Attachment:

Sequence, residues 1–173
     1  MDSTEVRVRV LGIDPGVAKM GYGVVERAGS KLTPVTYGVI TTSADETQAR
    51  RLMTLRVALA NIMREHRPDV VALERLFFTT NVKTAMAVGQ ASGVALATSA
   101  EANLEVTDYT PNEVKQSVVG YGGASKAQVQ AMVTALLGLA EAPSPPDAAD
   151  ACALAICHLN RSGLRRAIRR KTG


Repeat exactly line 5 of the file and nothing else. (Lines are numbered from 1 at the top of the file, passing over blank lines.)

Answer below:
   151  ACALAICHLN RSGLRRAIRR KTG